Where I might differ from your comment, however, is in the idea that the world does not presently have enough commodities to raise output much. Given that under-employed workers and idled capacity reportedly do exist, there must be some potential to raise output if these factors of production could be drawn into use, for example by making production in advanced economies more labour-intensive. So what may be happening is that there genuinely is an output gap, which represents the lack of adjustment in the overall production process, especially in advanced economies. A right-wing economist might say that, if unemployment benefit was reduced, some of this surplus labour would be forced to become employed, and output might be supplemented by more labour-intensive services such as shoe shines. Not being this conservative myself, I would say that some period of under or inefficient use of resources following a shock is the price that advanced economies are willing to pay for social cohesion. The trick is, however, how to make sure that it does not become permanent.

RebelEconomist said...

And, I should have added before I hit "return", thanks for your comment John!

Anonymous said...

Regarding a "commodities output gap", you both might be interested in this: http://gregor.us/non-opec/portrait-of-price-vs-non-opec-supply/.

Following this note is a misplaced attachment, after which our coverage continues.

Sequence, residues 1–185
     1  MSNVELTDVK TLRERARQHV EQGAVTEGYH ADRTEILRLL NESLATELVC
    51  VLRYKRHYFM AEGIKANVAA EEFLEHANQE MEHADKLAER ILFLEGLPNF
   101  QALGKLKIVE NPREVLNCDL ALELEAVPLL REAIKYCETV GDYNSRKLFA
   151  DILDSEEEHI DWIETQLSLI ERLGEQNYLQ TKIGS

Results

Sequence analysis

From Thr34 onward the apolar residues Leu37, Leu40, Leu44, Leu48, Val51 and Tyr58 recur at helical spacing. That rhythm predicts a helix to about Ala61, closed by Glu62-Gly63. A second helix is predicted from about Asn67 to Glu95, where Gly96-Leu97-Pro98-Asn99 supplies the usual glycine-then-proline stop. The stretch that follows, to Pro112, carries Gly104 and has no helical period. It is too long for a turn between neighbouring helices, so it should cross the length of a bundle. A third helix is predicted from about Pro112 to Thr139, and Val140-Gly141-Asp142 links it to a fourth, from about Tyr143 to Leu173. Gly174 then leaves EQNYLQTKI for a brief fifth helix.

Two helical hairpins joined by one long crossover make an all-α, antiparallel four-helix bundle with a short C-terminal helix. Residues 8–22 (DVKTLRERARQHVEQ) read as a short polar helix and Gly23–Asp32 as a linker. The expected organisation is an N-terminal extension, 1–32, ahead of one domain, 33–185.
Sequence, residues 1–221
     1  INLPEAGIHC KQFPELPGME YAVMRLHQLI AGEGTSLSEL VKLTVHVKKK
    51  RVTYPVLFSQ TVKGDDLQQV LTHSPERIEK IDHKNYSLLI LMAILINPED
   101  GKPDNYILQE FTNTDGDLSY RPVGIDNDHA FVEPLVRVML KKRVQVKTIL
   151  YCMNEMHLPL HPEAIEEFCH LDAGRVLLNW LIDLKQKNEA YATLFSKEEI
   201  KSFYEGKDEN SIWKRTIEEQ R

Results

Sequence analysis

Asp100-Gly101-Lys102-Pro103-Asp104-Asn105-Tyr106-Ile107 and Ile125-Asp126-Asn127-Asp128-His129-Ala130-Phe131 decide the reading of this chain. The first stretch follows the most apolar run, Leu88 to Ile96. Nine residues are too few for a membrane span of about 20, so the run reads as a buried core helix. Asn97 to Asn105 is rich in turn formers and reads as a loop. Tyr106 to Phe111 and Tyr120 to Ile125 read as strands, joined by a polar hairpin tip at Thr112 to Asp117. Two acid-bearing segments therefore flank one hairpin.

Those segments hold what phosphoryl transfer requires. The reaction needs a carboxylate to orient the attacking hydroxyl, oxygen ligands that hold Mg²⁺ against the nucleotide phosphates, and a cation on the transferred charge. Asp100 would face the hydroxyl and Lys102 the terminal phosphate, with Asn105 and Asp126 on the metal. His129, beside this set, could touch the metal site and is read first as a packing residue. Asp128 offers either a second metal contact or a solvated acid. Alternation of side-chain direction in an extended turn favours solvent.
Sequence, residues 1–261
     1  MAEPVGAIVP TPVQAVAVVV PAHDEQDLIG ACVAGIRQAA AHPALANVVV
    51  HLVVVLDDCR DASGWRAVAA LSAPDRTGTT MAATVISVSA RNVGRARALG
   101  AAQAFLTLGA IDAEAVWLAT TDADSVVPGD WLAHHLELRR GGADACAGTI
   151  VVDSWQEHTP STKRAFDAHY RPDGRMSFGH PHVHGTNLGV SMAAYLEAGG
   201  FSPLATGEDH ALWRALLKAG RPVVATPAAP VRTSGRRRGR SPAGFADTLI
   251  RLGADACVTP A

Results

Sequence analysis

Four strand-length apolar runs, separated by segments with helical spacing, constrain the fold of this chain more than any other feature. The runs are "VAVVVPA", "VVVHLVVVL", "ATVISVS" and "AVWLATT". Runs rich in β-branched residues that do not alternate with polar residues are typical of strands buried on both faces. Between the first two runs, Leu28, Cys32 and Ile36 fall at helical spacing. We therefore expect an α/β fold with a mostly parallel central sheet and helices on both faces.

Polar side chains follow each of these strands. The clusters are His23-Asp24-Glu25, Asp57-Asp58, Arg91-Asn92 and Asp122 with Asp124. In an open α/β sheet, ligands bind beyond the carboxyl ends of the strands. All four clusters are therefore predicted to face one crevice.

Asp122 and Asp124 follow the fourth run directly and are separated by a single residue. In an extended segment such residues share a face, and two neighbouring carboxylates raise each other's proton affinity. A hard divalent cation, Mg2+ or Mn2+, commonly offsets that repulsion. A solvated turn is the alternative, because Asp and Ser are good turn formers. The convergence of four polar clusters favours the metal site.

RebelEconomist said...

Thanks Anon. Clearly, oil is a key commodity. I did note from the post you link to though that there apparently was eventually a supply response to the oil price spike in 2008, but that spike was so short-lived that the supply response did not progress very far. What worries me about this is that the political pressure to "do something" about high fuel prices will lead governments to interfere with the market response by either increasing fuel subsidies or cutting fuel taxes, especially in countries with a large budget deficit, as in the UK where the government is wavering about going ahead with a scheduled petrol tax increase on April 1st.

Lee Kelly said...

I just discovered this blog and wanted to express my appreciation. I am interested in monetary economics, but I am just a hobbyist and know little about the nuts and bolts of monetary and banking institutions.

Hopefully, your blog might help close, if only by a small amount, that gaping hole in my knowledge.

Thank you!

(I followed a link here from your very on-point post over at Nick Rowe's blog).

RebelEconomist said...

Note to self - this paper on measuring output gaps is useful: Petra Gerlach, "The global output gap: measurement issues and regional disparities", BIS Quarterly Review June 2011, P.29-37